It might be considered parody, if it's actually parody, otherwise it's an infringement of the songwriter's exclusive copyright in the music and lyrics. Parody doesn't mean using someone else's work because you want to use an already well-known song to adapt to some new use -- a legal parody is one where the new lyrics actually parody the original work.
The facts that 1) you're not charging admission may affect the owner's damages, and that 2) your according "inspired by" credit, don't shield you from infringement if it's infringement.
Disclaimer: Please note that this answer does not constitute legal advice, and should not be relied on, since each state has different laws, each situation is fact specific, and it is impossible to evaluate a legal problem without a comprehensive consultation and review of all the facts and documents at issue. This answer does not create an attorney-client relationship.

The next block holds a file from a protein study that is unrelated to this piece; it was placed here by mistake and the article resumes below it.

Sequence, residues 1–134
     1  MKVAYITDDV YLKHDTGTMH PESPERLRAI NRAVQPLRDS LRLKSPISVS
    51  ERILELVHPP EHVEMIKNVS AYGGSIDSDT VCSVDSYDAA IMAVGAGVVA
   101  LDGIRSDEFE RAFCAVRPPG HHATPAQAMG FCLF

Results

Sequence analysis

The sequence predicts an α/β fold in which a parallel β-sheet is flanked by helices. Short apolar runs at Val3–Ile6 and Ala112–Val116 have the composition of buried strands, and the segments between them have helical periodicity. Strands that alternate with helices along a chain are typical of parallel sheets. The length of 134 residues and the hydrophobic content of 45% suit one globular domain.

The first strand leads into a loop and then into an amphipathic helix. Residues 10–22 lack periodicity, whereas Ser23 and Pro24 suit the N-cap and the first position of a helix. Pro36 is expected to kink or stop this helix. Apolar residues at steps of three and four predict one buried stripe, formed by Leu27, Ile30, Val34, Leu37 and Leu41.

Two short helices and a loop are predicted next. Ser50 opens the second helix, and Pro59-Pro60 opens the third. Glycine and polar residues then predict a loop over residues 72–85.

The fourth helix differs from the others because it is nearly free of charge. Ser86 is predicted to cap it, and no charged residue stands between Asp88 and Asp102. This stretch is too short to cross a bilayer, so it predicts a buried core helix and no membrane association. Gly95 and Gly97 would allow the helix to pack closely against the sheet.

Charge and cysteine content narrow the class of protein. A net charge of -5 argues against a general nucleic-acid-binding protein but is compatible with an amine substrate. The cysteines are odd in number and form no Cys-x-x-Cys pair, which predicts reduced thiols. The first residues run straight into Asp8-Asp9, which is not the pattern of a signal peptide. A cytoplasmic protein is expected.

I start from the premise that, under the circumstances you describe, it would be lawful for you to perform the song just as it was written without any license or permission from, or any attribution to, the owner of the copyright in the song.
Copyright law expressly permits your non-licensed use of the song. See 17 USC 110 ("Notwithstanding the provisions of section 106, the following are not infringements of copyright: ... (4) performance of a nondramatic literary or musical work otherwise than in a transmission to the public, without any purpose of direct or indirect commercial advantage and without payment of any fee or other compensation for the performance to any of its performers, promoters, or organizers, if ... there is no direct or indirect admission charge ... .").
Because you can lawfully perform the song as written without a license, I think you have free rein to change its lyrics and perform the song as modified. There is no need to engage in any "fair use" analysis (which includes the inquiry that you're focused on -- that is, is your modified song a parody).